“Science fiction,” you say? Really? Look how very far we’ve come since the iPhone was introduced in 2007. Just to take one small example, people forget that Smartphones were out for years and years and years before we were able to ditch our dedicated GPS devices and switch to using GPS on our phones instead. Now using the GPS on our phones is so normal that many can’t even imagine how we managed without it.

Apple opening up Siri, is like everything else they do. Building the momentum slowly and for the long haul. ~ Nathan Shochat (@natisho) 9/26/16

Like great men and women, great computing starts from humble beginnings.

Over the years, many of the most important features to come to the Apple ecosystem were launched as somewhat basic and rudimentary iPhone features.

• Siri told funny jokes.
• Touch ID unlocked iPhones.
• 3D Touch made Live Photos come to life.

In each case, a feature was introduced not to set the world on fire overnight, but rather to serve as a foundation for future innovation and functionality. Siri has grown from giving funny, canned responses to being one of the most widely-used personal assistants that relies on natural speech processing. Touch ID is now used to facilitate commerce with Apple Pay. 3D Touch has transformed into an emerging new user interface revolving around haptics and the Taptic Engine. ~ Neil Cybart, Above Avalon


Reviewers who have worn the Apple Watch have written that it has untethered them from their phone — that their iPhone has joined the MacBook as the “computer in the other room.” That is all going to be doubly so with AirPods and other sophisticated headphones.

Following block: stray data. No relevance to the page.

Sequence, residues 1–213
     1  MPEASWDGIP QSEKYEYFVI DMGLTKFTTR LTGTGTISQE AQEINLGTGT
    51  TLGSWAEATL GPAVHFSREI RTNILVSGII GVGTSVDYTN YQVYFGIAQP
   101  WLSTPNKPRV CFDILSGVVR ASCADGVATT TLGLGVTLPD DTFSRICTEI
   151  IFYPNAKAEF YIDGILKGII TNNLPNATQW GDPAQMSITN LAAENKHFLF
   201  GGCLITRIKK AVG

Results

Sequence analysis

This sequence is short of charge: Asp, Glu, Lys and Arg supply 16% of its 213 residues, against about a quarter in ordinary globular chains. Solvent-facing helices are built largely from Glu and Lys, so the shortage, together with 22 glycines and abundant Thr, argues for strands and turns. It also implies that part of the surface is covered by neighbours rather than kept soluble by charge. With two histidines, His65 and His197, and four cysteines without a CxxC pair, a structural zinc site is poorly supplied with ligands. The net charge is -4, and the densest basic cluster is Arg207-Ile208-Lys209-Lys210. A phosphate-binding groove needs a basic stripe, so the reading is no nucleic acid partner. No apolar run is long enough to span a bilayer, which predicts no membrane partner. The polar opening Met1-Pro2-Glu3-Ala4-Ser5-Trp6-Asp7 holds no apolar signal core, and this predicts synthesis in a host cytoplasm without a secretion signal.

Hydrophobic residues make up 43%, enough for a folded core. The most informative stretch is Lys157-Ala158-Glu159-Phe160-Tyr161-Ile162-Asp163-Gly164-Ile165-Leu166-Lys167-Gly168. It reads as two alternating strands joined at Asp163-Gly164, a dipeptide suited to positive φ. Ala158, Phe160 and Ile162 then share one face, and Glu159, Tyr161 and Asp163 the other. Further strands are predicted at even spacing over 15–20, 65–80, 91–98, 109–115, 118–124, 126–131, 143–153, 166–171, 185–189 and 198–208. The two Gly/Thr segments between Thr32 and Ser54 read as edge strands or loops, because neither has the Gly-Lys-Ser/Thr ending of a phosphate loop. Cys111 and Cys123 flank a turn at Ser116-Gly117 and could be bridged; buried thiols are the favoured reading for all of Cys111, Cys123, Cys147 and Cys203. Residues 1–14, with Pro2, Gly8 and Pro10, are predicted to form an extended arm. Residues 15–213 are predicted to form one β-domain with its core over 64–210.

— Yesterday, people used their computers when they were at their desktops or when they carried their laptops with them.

— Today, people use their phones all the time and their second screen devices – Desktops, Notebooks, Tablets — some of the time.

— Tomorrow, people will listen to their headphones all the time and look at their phones, tablets, notebooks and desktops some of the time.

Not One Device, But Many

So, am I saying the Smartphone is going away?

Hell no.

Did the mainframe go away? Did the PC go away? Did the freaking fax machine — which was invented in 1843 — go away?

Old tech has a very long half-life. ~ Benedict Evans on Twitter

Bill Gates foresaw what was going to happen to computing as far back as 2007. Well, he ALMOST foresaw what was going to happen:

MOSSBERG: What’s your device in five years that you’ll rely on the most.

GATES: I don’t think you’ll have one device